Los Angeles

LA's Parking Ticket Deadbeats Exposed

The NBC4 I-Team discovers thousands of drivers don't pay their tickets, costing us all

When George Martinez gets parking tickets in LA, he rarely pays them.

"I just throw them away," Martinez told NBC4. "I pay them if I can. If I can't I just throw them away."

Martinez is one of thousands of people the I-Team found who aren't paying their parking tickets in Los Angeles, which is against the law. And we found out, cities like LA often let them get away with it.

The NBC4 I-Team obtained and analyzed a list of all unpaid tickets in the city of LA. We found there are 123,319 vehicles with five or more unpaid tickets. That's more than $21 million owed to the city by parking ticket deadbeats.

Because parking ticket revenue helps pay for city services, the rest of us are bearing the cost of those unpaid citations. That $21 million in unpaid tickets would cover the cost of repairing 1 million potholes, or run the LA Zoo for an entire year.

"Yes, I know I'm breaking the law by not paying tickets," Martinez told the I-Team. Martinez owns a fleet of trucks that make deliveries for FedEx. Three of his trucks have received 118 tickets in the last five years, none of which he's paid.

His drivers are often cited repeatedly — sometimes in the same day — for parking in the red, in front of fire hydrants, and in "No Stopping" zones while making delivery stops in congested neighborhoods like Westwood.

"They are breaking the law, but there's no other way for them to do their job," he told NBC4.

The LA Department of Transportation (LADOT) tells NBC4 when it tickets a car that has five or more unpaid tickets, it has the vehicle towed.

But the I-Team has learned George Martinez hasn't had one of his delivery trucks towed since 2011, even though the I-Team found he's been ticketed just about every week since then.

And there are other examples of ticket deadbeats getting away without consequence.

We identified a 2017 Toyota that's been ticketed 69 times in the last nine months for illegally parking on Cedros Avenue in Panorama City; none of those tickets have been paid by the car's owner. But that car hasn't been towed.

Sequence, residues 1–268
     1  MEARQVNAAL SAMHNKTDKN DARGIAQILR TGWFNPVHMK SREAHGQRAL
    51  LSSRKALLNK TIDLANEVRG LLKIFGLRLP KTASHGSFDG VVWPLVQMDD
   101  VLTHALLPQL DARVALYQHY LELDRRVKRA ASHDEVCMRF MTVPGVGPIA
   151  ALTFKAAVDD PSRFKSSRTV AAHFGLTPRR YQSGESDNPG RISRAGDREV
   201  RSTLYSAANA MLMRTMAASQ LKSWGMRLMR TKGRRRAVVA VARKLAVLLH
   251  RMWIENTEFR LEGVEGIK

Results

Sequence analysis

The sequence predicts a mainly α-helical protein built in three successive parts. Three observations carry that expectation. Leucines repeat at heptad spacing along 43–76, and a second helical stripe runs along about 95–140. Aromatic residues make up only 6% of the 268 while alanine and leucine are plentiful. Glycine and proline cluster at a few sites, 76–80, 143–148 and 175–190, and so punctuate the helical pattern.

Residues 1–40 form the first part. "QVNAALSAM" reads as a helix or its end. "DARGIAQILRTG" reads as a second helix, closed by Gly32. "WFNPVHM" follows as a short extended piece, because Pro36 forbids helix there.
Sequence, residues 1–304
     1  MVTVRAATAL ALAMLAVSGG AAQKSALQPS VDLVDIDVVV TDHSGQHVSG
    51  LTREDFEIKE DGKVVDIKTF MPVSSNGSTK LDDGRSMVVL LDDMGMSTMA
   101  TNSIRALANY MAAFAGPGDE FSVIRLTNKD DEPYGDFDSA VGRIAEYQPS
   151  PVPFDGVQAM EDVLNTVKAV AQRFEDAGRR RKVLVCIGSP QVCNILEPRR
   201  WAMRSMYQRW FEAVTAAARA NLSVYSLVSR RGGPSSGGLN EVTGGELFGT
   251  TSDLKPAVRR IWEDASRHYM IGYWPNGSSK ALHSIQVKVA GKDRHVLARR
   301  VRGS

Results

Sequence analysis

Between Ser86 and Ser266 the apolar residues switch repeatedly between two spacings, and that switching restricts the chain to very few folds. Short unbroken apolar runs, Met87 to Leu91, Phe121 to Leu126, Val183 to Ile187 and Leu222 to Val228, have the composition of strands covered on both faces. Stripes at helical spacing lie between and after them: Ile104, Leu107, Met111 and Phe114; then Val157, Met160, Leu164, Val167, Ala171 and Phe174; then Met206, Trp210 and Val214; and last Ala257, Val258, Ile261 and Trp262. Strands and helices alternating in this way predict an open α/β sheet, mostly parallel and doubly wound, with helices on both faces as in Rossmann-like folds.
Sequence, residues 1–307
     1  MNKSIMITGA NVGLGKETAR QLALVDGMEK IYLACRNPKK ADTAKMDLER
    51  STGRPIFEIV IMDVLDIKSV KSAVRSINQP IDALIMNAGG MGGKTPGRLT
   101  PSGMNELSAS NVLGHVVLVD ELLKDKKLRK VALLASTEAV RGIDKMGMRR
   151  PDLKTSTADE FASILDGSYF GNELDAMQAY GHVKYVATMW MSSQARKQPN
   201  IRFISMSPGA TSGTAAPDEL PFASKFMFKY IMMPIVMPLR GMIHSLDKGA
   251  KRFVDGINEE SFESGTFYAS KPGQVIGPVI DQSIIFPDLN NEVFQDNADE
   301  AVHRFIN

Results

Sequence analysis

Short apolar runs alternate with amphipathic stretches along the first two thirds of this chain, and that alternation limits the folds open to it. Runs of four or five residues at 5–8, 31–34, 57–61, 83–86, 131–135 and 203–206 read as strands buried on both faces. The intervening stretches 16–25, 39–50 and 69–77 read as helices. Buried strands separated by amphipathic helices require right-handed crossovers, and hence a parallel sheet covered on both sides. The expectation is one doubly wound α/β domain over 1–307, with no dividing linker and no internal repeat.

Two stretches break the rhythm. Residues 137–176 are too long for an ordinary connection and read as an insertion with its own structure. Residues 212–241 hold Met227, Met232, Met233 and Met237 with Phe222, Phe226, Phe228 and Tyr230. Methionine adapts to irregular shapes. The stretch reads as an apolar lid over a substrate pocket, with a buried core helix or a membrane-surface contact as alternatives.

LADOT spokesman Deputy Chief Brian Hale says the car should've been towed for all those unpaid tickets.

"I'd want to research and find out why that hasn't occurred," Hale told NBC4.

LADOT has been scolded before for doing a poor job of collecting unpaid parking revenues. In 2011, an LA City Controller's audit said "LADOT inadequately exercised (ticket) scofflaw enforcement...and [could] significantly increase revenue that is due to the city."

When the 2011 audit was issued, the city was owed nearly $15 million in unpaid tickets. That number has risen to more than $21 million.

LADOT is about to try a new tactic to rein in parking ticket deadbeats. The department is unveiling a new, lightweight "Smartboot," that will be placed on the wheels of cars identified as having five or more unpaid tickets. Drivers won't be able move their cars until they pay their ticket fines online or by phone with a credit card. Once their debt is settled, drivers will be given a code to unlock the boot. It will be drivers' responsibility to drop the boot off at a specified location.

"We're thinking it will make a substantially larger dent than what we've been able to do in the past," Hale said.

But for now, it might not make enough of a dent in the $21 million of unpaid tickets. To start, the city's pilot program will issue the Smartboots to just 15 of its 500 parking enforcement vehicles. If the program is a success, LADOT says the boots will be given to many more parking enforcement officers.

As for Martinez, after the I-Team told him he'd be featured in this investigation, he said he'd consider paying at least some of his 118 unpaid tickets.

He'll also have to deal with FedEx, which contracts with him to do deliveries. In a statement to NBC4, FedEx said "We are in direct contact with those involved and will take the appropriate action to address this matter."

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